I stopped in Santa Ana, Calif., and telephoned the Marine Corps air station at El Toro where the convoy was headed. The Marine public information officer gave me alibi copy that the large contingent of Marines was simply going on maneuvers. Other contacts were met with the same response. Instinct told me there was more to the story than what the military was saying.

That night proved me right. President John F. Kennedy announced that U.S. reconnaissance photographs taken by an American U-2 spy plane revealed missile bases being built in Cuba. It was the Cuban Missile Crisis, and the Marines were combat-ready for an invasion of Cuba.

Life has many twists and turns, and what was happening in 1962 affected 19-year-old Jim Little, a nuclear weaponsman with the U. S. Navy. Soon he would be aboard the aircraft carrier USS Independence off the coast of Cuba, and would be prepared to arm Navy aircraft as part of the deterrent ordered by the president. In his speech, Kennedy had said any nuclear missile launched from Cuba against any nation in the Western Hemisphere would be considered an attack on the United States, requiring a full retaliatory response upon the Soviet Union.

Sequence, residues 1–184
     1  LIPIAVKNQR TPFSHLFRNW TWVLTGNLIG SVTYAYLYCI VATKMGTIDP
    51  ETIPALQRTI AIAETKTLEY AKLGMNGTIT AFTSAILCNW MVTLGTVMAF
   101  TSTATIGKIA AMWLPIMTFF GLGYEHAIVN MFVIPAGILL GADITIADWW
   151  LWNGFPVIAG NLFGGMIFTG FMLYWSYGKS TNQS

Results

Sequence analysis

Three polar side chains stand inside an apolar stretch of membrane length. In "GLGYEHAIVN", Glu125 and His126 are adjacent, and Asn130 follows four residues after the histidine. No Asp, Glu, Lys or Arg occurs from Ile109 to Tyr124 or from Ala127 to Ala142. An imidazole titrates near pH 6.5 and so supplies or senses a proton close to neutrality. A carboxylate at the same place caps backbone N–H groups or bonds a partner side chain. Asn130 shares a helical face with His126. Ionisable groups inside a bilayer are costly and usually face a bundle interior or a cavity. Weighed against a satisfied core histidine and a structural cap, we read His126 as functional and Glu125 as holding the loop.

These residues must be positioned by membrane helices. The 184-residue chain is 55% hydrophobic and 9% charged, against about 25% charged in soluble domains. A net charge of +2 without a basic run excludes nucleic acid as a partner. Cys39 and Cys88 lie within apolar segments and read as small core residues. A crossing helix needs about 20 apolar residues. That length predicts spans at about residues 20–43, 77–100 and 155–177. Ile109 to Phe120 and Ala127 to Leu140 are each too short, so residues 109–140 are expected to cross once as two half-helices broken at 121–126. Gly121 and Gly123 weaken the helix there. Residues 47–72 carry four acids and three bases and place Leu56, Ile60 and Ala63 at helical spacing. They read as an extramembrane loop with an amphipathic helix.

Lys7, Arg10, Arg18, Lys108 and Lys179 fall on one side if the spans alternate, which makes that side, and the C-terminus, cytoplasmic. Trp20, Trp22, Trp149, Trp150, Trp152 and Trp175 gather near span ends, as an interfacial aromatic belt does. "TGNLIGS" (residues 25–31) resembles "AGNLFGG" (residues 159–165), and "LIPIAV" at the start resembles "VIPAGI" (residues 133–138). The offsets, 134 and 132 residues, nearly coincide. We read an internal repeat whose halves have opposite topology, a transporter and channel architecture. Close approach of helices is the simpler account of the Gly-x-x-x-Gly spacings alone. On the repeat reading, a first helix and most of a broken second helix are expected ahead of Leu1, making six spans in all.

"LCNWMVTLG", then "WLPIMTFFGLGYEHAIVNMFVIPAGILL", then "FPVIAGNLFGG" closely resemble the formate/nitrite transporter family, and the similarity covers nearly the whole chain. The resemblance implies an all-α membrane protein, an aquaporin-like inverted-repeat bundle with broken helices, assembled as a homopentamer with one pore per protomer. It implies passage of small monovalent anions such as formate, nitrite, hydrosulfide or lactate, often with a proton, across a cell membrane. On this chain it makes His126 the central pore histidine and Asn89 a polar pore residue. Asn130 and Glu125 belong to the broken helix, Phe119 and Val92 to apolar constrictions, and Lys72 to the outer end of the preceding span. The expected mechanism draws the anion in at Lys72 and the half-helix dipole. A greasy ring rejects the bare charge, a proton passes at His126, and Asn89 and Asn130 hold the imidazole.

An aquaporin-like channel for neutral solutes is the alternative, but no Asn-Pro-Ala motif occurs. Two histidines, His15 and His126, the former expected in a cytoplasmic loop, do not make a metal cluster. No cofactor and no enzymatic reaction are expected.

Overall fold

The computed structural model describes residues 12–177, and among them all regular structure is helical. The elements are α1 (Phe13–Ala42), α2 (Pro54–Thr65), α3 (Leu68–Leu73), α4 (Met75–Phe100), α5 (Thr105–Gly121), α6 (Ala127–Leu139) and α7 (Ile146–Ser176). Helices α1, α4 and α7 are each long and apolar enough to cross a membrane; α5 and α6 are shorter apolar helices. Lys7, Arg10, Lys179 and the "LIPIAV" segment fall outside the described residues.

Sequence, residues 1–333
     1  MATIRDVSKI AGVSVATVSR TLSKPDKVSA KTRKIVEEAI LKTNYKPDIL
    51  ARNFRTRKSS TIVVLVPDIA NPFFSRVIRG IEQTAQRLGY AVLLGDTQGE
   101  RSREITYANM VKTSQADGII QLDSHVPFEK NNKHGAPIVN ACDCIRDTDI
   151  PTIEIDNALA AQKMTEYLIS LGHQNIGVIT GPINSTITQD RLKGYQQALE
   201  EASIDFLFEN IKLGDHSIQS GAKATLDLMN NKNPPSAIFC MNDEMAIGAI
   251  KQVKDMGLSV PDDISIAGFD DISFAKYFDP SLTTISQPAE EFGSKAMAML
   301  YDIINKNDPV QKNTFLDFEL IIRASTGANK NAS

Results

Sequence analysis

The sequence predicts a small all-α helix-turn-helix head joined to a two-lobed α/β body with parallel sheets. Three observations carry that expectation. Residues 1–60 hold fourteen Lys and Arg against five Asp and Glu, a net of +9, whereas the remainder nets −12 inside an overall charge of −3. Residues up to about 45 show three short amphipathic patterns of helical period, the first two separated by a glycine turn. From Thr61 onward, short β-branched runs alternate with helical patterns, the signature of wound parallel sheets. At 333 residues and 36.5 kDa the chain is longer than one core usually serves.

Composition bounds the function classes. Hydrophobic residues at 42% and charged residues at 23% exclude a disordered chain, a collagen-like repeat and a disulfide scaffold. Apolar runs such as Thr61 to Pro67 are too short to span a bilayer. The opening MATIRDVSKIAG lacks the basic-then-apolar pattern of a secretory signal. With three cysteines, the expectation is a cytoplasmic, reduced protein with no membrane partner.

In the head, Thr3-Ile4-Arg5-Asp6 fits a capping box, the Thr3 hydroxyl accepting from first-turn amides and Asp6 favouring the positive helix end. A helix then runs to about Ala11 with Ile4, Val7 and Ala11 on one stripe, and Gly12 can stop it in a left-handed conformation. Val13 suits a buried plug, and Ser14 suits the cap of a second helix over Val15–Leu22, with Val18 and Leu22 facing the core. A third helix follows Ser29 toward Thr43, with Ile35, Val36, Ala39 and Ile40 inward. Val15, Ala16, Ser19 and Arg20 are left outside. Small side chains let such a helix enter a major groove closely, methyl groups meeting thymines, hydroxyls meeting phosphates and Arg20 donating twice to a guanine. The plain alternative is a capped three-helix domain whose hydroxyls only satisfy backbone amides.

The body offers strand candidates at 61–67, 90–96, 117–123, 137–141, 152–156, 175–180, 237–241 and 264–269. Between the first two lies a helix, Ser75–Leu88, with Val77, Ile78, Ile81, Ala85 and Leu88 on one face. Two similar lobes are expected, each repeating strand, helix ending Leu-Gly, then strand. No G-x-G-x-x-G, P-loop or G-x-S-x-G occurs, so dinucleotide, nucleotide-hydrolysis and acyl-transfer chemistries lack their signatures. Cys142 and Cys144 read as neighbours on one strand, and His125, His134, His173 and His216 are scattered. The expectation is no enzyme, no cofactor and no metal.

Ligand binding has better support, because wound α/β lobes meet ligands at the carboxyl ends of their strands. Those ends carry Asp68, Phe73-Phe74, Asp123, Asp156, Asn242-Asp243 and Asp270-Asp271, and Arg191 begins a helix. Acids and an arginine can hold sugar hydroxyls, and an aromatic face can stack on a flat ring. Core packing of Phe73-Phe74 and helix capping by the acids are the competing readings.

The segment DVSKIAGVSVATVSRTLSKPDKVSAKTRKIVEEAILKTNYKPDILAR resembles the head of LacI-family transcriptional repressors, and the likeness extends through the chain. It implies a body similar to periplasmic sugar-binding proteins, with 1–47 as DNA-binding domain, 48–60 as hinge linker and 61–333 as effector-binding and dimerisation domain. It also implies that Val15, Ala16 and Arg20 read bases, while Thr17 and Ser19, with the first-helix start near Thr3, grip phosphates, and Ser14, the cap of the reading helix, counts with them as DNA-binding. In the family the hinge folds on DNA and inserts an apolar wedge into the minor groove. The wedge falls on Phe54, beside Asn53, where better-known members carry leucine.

It was the closest this nation came to armed conflict with the Soviets in the Cold War. Two weeks later, the Russians removed the missiles from Cuba. That harrowing experience was just one of several Chief Warrant Officer James Little would have in his 30-year naval career. Now retired, Little is the president of the Southern Oregon War Birds and vice president of the local Veterans of Foreign Wars post, as well as a founding member of the Douglas County Veteran's Forum.